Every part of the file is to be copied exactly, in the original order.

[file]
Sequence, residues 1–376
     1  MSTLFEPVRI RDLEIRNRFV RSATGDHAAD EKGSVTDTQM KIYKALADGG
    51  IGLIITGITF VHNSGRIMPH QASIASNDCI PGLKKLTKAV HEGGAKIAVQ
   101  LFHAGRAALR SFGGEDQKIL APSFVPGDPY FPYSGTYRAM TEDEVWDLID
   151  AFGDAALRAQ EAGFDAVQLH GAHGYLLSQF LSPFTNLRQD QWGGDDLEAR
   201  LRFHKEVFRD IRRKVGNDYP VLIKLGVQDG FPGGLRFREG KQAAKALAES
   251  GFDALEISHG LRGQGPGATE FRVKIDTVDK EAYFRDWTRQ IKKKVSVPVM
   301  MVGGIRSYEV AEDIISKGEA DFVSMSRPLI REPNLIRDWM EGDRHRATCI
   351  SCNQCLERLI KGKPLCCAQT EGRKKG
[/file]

Sequence, residues 1–376
     1  MSTLFEPVRI RDLEIRNRFV RSATGDHAAD EKGSVTDTQM KIYKALADGG
    51  IGLIITGITF VHNSGRIMPH QASIASNDCI PGLKKLTKAV HEGGAKIAVQ
   101  LFHAGRAALR SFGGEDQKIL APSFVPGDPY FPYSGTYRAM TEDEVWDLID
   151  AFGDAALRAQ EAGFDAVQLH GAHGYLLSQF LSPFTNLRQD QWGGDDLEAR
   201  LRFHKEVFRD IRRKVGNDYP VLIKLGVQDG FPGGLRFREG KQAAKALAES
   251  GFDALEISHG LRGQGPGATE FRVKIDTVDK EAYFRDWTRQ IKKKVSVPVM
   301  MVGGIRSYEV AEDIISKGEA DFVSMSRPLI REPNLIRDWM EGDRHRATCI
   351  SCNQCLERLI KGKPLCCAQT EGRKKG